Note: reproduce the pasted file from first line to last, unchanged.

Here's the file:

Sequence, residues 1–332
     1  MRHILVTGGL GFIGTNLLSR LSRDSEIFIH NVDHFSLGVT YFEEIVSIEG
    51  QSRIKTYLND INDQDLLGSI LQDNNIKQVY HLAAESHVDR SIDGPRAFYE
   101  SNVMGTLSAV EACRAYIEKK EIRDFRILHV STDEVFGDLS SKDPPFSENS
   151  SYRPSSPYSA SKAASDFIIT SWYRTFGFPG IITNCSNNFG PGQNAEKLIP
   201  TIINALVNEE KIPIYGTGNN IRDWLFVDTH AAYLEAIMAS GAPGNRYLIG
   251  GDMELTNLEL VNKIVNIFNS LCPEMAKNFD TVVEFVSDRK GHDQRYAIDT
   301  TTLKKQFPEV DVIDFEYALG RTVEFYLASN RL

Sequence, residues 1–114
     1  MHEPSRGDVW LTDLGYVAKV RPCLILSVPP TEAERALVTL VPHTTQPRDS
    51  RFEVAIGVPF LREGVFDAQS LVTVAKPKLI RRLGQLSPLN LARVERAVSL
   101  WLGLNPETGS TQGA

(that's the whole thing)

Sequence, residues 1–332
     1  MRHILVTGGL GFIGTNLLSR LSRDSEIFIH NVDHFSLGVT YFEEIVSIEG
    51  QSRIKTYLND INDQDLLGSI LQDNNIKQVY HLAAESHVDR SIDGPRAFYE
   101  SNVMGTLSAV EACRAYIEKK EIRDFRILHV STDEVFGDLS SKDPPFSENS
   151  SYRPSSPYSA SKAASDFIIT SWYRTFGFPG IITNCSNNFG PGQNAEKLIP
   201  TIINALVNEE KIPIYGTGNN IRDWLFVDTH AAYLEAIMAS GAPGNRYLIG
   251  GDMELTNLEL VNKIVNIFNS LCPEMAKNFD TVVEFVSDRK GHDQRYAIDT
   301  TTLKKQFPEV DVIDFEYALG RTVEFYLASN RL

Sequence, residues 1–114
     1  MHEPSRGDVW LTDLGYVAKV RPCLILSVPP TEAERALVTL VPHTTQPRDS
    51  RFEVAIGVPF LREGVFDAQS LVTVAKPKLI RRLGQLSPLN LARVERAVSL
   101  WLGLNPETGS TQGA